Scott, this really was an article on David Cameron condemning homophobia whilst in an Arab state. I cannot see why there is any reason to criticise the Prime Minister speaking out against homophobia.

    The other issues are all off the point. I do not disagree with you on religious schooling. I am against religious schools – either new system or old system. It does appear, however, that the new system was brought in originally by the left under Blair.

    I also do not know the history of the NHS. All I do know is that it has been appalling for the whole time that I have lived here – which has been whilst the left has been in power. It is worse than any other European system that I have seen. It is so bad that I now go back to France for examinations and treatment.

    To use these two issues – education and health to attack the Prime Minister’s criticisme of homophobia makes no sense to me. You can disagree with all of his economic policies and still think it good that he criticises homophobia and discrimination.

  27. jamestoronto 24 Feb 2011, 12:44am

    At the rate things are going in the Middle East who even knows if Qatar will be around by 2022.

    FIFA start rethinking NOW!!

    It was a nuts idea to start off with and now is insane. Get the World Cup out that region!!

  28. He’s basically right , if we’re stuck with the world cup being in Qatar, the gay rights in Qatar will be under the spotlight not only there but the rest of the neighbouring countries..the decision to have it there wasn’t based on this at all or on foreing gay people protection when they go to the cup but since it’s going to be there , there’s a good opportunity for people to bring this to the open…let’s face it, no world cup in Qatar then no-one would give a bugger about gay rights there…it wasn’t Carmeron then said give the world cup to Qatar, he’d probably prefer it to have been in the UK!!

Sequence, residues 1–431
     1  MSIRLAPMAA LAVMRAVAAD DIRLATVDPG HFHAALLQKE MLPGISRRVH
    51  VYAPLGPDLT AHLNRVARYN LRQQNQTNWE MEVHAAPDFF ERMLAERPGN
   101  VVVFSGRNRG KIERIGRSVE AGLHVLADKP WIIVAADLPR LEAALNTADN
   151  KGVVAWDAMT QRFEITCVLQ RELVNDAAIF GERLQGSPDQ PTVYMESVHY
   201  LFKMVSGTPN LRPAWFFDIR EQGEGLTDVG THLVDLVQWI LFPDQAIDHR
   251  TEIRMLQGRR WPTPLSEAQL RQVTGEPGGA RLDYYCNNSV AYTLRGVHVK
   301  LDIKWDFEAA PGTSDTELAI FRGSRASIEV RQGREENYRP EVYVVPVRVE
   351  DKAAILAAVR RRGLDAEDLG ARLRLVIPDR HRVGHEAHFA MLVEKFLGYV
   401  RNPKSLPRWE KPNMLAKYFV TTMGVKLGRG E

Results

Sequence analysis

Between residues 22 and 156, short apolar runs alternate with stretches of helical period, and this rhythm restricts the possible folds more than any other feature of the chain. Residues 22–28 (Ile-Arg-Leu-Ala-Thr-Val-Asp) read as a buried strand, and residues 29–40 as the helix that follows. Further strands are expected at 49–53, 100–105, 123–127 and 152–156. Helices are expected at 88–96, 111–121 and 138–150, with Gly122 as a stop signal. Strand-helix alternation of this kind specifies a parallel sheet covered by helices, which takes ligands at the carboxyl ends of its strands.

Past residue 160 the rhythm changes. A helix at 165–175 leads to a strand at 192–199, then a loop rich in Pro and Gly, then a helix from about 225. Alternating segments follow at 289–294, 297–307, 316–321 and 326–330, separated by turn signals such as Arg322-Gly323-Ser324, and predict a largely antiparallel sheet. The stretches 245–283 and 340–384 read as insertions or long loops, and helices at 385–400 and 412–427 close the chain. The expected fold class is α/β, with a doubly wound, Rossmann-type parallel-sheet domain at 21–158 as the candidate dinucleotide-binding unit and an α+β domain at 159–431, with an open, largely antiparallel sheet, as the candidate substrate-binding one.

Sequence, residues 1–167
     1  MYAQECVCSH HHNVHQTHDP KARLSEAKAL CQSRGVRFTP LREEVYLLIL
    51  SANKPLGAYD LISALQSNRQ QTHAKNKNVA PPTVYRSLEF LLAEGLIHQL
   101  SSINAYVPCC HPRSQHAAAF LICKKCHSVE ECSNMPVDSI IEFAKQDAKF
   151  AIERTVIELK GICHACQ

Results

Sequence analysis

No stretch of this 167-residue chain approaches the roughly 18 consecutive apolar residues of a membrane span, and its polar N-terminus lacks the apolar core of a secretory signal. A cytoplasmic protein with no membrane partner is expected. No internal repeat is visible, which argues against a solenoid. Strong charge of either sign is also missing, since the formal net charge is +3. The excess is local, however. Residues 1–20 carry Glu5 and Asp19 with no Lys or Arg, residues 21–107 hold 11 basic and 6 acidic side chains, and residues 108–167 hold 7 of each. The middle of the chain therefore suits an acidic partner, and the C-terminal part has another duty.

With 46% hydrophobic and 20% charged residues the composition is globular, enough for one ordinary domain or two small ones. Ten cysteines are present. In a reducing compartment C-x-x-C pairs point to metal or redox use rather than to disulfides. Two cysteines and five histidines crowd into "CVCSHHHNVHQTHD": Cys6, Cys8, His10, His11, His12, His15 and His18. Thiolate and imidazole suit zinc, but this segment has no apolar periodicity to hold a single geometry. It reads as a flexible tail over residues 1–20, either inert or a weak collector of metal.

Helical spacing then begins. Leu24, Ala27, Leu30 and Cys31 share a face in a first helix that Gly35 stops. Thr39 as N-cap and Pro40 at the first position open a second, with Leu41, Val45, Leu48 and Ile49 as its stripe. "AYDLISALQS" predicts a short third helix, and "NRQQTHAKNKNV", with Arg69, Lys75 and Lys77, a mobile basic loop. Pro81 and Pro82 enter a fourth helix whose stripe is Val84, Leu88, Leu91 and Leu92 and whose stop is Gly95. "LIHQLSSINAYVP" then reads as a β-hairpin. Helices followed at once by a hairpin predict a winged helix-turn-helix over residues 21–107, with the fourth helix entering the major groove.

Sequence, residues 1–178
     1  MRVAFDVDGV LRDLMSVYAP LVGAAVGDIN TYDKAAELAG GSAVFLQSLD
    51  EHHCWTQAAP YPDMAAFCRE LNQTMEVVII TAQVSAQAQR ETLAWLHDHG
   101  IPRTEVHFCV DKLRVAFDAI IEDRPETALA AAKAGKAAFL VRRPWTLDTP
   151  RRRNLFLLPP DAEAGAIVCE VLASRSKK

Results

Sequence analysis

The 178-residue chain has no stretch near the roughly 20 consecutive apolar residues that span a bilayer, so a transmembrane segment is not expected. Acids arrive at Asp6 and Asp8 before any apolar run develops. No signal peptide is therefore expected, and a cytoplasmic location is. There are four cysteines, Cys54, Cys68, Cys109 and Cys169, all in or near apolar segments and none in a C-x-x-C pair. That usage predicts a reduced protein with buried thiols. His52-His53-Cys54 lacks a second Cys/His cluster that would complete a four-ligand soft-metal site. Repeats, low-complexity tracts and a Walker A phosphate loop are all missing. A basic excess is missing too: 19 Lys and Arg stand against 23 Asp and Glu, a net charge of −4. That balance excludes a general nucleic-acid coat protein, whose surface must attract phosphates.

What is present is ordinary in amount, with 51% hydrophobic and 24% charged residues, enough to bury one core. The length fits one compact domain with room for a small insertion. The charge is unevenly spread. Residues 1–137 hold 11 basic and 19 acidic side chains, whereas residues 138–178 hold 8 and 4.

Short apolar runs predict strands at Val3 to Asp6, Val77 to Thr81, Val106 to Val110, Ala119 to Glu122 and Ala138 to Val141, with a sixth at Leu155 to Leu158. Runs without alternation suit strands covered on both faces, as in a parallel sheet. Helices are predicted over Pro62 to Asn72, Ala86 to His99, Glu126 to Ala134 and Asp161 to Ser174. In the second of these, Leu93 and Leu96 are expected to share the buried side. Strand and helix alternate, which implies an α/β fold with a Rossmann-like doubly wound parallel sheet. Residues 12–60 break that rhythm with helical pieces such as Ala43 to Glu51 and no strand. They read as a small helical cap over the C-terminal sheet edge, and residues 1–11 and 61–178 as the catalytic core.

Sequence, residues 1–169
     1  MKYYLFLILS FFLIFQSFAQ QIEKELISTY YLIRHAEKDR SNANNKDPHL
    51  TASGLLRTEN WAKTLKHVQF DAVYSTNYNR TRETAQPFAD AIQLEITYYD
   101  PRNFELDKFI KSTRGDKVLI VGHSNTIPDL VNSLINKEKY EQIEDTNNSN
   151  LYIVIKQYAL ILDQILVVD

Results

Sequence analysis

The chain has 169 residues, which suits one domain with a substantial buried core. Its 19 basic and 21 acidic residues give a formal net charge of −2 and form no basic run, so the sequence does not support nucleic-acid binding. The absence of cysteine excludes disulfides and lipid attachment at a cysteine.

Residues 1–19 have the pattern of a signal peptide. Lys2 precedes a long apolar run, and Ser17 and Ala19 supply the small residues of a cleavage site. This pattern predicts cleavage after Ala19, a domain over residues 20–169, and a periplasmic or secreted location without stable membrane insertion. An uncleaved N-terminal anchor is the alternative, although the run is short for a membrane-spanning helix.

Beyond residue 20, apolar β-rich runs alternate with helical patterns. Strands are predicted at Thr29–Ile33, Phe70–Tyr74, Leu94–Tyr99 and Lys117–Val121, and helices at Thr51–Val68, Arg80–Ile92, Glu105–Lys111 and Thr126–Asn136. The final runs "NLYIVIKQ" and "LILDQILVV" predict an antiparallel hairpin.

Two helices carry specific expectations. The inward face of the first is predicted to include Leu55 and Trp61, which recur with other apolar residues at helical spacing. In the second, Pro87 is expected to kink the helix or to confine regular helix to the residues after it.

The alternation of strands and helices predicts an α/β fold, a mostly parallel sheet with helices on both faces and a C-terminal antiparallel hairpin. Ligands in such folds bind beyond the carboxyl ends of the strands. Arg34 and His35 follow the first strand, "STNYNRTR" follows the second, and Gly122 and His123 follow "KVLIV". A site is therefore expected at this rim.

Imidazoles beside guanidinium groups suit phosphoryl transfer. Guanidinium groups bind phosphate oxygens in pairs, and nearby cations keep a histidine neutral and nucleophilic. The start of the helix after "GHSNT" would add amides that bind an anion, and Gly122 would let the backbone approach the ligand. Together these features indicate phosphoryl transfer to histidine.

29. I do wish the Extreme Left would stop using Pink News to spout their fundamentalist bile – trotting out the same tired old socialist worker rhetoric you no doubt chanted like sheep on student demos 30 years ago.

    British politics and society have moved on hugely since, and your tin-pot loony left class-war philosophies just sound hopelessly irelevent and quite comical to the Now Generation. It is 2011 not 1981 – Move with the Times!

    Cameron and Clegg speak for our generation and where we as a society are now – thats why so many people voted for them 9 months ago. Their commitment to gay equality is obvious to all but the deluded. Only last week the government announced moves towards full gay marriage and religious gay marriage ceremonies for any faith group that wants them.

    Of course every government should be open to scrutiny and criticism but it should be balanced, informed and constructive, not rabid rants or cheap schoolkid insults. Now grow up!

    1. Do you really think it’s the extreme left or just people who disagree with the opinions you represent ? Do you think people who’ve read your post will conclude you’re an activist for a particular political party ? Do you think you’re promoting or hinder that party as a result of your post ? Do you think that it would be better to contribute to the debate, or tell other people that their comments are immature and rabid ?

      1. de Villiers 24 Feb 2011, 12:45pm

        Harry, I might say the same myself on the other side, given that some despicable individual suggested that for my comments, I was likely to be a supporter of the Front National.

        1. Agreed. I wasn’t making a political point of any shade, but rather objecting to Thomas’ language.

  30. @Thomas – another ad hominem attack from the right is sadly predictable

    Cameron can claim anything he wants but that doesn’t mean that it’s true or that it’ll happen, besides what’s going to happen after the football has gone? Will cameron still be bothered or will it be another example of stuff getting swept under the carpet?

  31. Maybe he could clean up the Tory Party first, before he starts ‘lecturing’ a foreign country!!!! ????

  32. Jock S. Trap 25 Feb 2011, 8:36am

    Coming from a Tory PM I welcome this. He didn’t have to, he could of dismissed the question but instead he used an Arab homophobic country to make his point.